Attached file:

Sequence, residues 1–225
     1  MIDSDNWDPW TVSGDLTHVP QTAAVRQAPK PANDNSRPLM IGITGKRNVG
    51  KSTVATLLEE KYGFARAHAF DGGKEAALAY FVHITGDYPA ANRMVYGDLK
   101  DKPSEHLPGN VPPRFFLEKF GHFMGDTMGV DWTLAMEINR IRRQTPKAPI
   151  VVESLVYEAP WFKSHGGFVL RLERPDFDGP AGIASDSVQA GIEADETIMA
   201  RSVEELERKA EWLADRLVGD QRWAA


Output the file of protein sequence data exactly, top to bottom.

Sequence, residues 1–225
     1  MIDSDNWDPW TVSGDLTHVP QTAAVRQAPK PANDNSRPLM IGITGKRNVG
    51  KSTVATLLEE KYGFARAHAF DGGKEAALAY FVHITGDYPA ANRMVYGDLK
   101  DKPSEHLPGN VPPRFFLEKF GHFMGDTMGV DWTLAMEINR IRRQTPKAPI
   151  VVESLVYEAP WFKSHGGFVL RLERPDFDGP AGIASDSVQA GIEADETIMA
   201  RSVEELERKA EWLADRLVGD QRWAA